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Thursday 21 January 2021
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The Novice Designer: 5 Basic Principles of Design

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© Depositphotos.com/Joingate
Crafternoons have existed since the invention of glue, but creativity has taken a turn for the digital with all the new technologies available. Before you fire up your brand new design software, check out this list of basic design principles every novice designer should consider. If you’re a bit stuck for ideas, or it’s not quite turning out how you want, you can always contact a digital print and design company like The Print Group and see if their services might boost your exciting new venture.

Make it Memorable

Nothing is worse than hard work going to waste. If you are creating a design that will hang proudly on your own bedroom wall, it won’t really matter anyone else thinks of it. But if you someone else is going see it, then you want your design to make an impression. Does it stand out? Is it memorable? If your clients walk away remembering and recognising your logo, you have already taken care of the first potential hurdle. Just don’t mistake flashy for memorable.

Consider the Professional Principles of Design

There are six principles design professionals use in their work, which may give you a building block to leap from. The principles are as follows: Balance (how objects balance one another in the frame); Proximity (how different objects relate to one another); Alignment (how the different elements connect to create an image); Repetition (great for consistency and coherence); Contrast (have something that pops); and Space (negative and positive space can work wonders). Don’t panic about implementing all of these, but it gives you something to think about if you are feeling a bit stuck.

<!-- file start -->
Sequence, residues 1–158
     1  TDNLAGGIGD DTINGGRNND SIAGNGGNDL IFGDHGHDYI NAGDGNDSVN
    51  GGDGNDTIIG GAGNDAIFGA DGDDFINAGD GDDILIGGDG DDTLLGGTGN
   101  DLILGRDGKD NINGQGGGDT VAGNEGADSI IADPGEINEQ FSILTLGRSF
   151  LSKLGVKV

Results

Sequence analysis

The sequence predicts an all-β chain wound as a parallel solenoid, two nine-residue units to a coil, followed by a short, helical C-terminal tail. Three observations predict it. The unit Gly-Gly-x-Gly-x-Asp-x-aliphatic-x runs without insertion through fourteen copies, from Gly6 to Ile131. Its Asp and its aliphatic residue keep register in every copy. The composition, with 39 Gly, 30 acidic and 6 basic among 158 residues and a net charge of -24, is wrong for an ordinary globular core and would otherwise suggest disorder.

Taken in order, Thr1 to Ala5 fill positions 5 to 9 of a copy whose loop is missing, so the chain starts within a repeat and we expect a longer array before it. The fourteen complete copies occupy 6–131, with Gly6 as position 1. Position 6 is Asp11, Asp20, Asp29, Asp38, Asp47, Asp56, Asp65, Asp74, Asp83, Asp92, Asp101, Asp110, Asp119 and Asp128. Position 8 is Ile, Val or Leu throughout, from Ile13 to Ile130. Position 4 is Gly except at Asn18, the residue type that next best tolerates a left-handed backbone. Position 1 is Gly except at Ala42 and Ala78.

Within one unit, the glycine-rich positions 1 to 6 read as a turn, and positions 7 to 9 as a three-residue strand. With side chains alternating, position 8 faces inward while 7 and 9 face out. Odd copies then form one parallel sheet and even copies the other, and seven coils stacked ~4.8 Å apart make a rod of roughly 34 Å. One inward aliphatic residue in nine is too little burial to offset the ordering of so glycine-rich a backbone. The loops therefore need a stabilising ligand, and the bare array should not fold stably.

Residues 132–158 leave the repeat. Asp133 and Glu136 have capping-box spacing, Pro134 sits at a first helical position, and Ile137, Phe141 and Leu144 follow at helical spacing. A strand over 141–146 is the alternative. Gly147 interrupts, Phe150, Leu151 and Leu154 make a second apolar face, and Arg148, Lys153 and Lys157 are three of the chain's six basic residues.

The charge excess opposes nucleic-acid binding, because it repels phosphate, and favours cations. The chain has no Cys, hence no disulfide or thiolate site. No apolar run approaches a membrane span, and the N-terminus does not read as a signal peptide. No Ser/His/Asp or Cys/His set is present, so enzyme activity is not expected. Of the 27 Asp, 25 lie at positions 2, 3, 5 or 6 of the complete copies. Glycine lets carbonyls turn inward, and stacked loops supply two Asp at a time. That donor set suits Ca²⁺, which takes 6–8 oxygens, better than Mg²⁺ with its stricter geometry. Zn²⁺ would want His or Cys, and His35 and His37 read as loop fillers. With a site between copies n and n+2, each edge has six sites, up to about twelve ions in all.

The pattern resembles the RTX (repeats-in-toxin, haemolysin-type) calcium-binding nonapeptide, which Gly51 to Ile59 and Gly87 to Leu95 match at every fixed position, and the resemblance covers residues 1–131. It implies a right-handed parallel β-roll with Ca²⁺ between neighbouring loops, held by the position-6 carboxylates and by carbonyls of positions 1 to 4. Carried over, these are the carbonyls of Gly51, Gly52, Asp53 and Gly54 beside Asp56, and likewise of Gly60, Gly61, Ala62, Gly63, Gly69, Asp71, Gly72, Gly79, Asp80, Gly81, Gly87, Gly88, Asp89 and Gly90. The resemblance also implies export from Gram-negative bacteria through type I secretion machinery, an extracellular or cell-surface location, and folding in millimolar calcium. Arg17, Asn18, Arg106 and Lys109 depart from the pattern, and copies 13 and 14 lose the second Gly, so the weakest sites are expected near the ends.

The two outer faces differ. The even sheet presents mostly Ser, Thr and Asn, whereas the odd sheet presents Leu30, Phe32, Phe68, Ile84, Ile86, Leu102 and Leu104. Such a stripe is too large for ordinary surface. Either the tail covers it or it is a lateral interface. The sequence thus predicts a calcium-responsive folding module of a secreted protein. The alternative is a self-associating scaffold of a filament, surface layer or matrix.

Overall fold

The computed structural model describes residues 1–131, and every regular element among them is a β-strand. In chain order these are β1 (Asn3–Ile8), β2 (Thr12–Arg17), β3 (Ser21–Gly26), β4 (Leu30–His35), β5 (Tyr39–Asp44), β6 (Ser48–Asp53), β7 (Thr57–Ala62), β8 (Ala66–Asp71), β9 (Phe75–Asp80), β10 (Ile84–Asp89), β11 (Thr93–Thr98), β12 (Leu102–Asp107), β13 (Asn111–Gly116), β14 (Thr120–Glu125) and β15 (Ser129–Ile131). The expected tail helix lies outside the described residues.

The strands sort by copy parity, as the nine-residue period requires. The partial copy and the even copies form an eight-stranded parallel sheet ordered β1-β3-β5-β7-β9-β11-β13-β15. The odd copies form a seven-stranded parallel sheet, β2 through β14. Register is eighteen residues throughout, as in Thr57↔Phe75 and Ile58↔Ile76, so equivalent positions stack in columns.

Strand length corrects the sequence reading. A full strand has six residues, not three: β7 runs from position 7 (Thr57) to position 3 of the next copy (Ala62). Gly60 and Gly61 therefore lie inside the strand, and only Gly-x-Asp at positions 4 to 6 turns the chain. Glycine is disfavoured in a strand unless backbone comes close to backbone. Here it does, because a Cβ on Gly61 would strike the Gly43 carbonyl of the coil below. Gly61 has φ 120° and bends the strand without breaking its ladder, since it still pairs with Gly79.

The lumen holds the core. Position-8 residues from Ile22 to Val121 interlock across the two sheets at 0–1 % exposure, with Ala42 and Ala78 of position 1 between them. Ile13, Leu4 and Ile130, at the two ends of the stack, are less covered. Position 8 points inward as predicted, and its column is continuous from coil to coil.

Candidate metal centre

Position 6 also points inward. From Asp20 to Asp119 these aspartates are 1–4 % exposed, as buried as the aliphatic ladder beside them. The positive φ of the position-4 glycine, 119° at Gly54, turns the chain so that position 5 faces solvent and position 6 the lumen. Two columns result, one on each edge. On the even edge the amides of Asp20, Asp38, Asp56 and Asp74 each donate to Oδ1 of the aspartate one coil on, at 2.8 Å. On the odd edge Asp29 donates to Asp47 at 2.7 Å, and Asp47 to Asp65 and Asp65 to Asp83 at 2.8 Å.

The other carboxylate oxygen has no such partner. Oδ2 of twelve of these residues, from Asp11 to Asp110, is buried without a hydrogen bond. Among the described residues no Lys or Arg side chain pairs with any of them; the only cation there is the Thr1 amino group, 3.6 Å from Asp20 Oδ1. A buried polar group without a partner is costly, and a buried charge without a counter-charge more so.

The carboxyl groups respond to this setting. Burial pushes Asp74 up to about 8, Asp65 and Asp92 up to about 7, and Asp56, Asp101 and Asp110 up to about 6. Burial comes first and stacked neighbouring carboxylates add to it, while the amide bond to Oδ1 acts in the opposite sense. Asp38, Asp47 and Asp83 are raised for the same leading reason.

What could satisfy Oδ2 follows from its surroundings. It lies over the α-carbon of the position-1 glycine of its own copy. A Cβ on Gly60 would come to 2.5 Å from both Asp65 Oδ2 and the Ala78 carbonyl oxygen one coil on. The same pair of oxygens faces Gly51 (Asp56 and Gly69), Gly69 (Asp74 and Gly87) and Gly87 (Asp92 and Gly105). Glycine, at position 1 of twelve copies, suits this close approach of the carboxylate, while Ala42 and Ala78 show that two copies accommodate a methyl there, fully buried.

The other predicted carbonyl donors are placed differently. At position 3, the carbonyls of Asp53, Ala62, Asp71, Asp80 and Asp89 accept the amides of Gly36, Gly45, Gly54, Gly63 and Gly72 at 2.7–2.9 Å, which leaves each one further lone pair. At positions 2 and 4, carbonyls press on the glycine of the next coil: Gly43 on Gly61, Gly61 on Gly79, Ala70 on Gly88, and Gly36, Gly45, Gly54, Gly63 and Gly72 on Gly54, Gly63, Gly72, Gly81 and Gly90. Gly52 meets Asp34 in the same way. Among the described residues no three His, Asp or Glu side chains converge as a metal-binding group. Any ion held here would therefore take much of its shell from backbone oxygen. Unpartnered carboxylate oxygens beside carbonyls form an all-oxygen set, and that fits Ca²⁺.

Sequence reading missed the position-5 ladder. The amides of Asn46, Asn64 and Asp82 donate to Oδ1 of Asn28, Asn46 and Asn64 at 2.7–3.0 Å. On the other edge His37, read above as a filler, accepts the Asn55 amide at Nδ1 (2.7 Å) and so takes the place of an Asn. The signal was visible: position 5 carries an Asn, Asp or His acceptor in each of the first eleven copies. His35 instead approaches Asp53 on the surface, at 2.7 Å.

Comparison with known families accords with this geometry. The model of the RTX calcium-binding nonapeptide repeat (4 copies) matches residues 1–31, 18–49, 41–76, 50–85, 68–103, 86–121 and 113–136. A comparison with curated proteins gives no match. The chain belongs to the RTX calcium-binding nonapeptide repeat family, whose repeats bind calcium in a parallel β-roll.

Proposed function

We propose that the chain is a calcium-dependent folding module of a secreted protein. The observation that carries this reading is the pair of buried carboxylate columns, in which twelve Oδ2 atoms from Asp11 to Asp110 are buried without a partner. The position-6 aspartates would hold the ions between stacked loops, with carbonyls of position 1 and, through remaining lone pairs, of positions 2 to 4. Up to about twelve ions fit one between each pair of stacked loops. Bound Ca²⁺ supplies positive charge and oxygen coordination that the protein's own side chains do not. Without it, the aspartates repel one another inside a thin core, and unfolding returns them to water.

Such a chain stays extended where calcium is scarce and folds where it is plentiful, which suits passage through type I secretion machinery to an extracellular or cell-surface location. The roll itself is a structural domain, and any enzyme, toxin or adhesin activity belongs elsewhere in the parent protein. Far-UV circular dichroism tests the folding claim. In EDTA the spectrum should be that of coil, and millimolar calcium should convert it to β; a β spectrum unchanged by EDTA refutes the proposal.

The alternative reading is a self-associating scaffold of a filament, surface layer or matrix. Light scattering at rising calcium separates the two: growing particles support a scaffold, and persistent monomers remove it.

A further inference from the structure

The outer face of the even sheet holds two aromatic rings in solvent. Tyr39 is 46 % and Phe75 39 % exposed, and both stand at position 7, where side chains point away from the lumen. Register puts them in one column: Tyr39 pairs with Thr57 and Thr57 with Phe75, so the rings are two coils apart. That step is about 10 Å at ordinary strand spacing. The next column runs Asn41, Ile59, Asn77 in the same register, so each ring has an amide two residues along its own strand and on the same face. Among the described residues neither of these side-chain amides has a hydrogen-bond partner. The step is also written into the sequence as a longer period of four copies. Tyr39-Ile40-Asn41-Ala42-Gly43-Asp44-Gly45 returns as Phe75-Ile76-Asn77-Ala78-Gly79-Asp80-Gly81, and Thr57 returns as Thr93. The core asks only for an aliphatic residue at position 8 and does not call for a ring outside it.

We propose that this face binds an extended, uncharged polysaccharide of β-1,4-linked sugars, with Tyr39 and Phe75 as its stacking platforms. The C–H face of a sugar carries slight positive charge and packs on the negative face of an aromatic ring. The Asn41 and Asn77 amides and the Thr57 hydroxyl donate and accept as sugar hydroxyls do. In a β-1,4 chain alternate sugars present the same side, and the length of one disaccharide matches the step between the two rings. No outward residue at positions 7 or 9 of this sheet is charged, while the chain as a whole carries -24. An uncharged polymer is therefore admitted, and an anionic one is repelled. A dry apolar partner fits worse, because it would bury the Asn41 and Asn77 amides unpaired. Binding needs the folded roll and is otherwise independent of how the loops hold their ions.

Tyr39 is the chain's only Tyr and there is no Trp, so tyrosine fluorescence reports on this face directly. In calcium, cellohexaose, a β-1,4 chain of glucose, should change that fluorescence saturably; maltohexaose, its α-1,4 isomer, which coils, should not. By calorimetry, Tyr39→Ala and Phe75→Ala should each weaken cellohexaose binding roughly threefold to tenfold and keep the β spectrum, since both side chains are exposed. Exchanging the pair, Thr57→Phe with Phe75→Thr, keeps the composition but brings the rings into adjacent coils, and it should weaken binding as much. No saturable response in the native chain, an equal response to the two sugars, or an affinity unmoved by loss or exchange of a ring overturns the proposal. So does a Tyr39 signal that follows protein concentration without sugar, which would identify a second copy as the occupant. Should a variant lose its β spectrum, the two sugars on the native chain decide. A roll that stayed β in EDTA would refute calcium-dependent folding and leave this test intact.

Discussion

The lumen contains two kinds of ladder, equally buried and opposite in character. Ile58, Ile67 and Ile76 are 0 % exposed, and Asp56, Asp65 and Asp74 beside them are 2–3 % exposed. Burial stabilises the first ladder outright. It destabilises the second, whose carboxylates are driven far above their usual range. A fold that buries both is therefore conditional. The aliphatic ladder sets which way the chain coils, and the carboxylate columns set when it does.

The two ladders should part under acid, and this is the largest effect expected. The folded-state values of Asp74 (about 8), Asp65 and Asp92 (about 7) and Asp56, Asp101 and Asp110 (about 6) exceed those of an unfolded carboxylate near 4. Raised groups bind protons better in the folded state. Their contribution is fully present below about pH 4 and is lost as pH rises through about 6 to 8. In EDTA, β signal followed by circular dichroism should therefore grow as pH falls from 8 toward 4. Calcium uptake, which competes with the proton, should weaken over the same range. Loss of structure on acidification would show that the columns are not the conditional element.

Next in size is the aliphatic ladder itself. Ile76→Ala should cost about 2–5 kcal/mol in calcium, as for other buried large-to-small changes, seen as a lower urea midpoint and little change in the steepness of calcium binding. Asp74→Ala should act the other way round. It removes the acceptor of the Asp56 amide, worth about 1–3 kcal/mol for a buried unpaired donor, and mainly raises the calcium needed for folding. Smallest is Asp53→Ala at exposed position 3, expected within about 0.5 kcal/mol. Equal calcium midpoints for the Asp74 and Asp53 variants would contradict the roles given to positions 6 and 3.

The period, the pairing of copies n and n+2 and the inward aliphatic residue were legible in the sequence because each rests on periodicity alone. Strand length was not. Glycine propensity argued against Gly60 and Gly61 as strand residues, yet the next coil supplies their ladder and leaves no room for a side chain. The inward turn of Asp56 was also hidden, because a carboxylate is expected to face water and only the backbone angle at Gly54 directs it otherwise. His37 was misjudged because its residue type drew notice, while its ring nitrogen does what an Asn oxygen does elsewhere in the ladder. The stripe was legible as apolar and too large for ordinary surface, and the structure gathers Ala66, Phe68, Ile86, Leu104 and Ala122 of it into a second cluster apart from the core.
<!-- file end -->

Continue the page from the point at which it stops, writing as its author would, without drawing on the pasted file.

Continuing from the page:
Think about the Message

A peaceful sunset may be stunning, but it’s not a good image to use when advertising the loudest, thrashiest heavy metal band in the city, is it? In the same way, you want your design to send the right message. A great way to test this is to write a list of what you want the design to evoke, then take your design to some trusted acquaintances, and ask them to describe what the design evokes in them. If the words don’t seem to fit, it might be worth drafting a second draft.

If it Ain’t Broke…

If you have a current design theme – and it’s working – you may be able to run with that theme. Use it as a guide, choosing the same colours, lines and, if applicable, fonts. If you aren’t happy with your current design theme, you can decide if you want to use it as a starting block for a new design, or throw it in the proverbial bin and start from scratch.

Less is More

It’s easy to get carried away when you start designing something you are passionate about. But it is vital not to get so attached to every spark of creativity that you can’t step back and cull the unnecessary additions. If you’re not sure, take out different objects and see if they are actually adding to the overall design. If in doubt, always remember: less is certainly more.

One final tip: practice makes perfect. Don’t be afraid to let the first attempt be just that. Keep working at it, and soon you may just love what you create.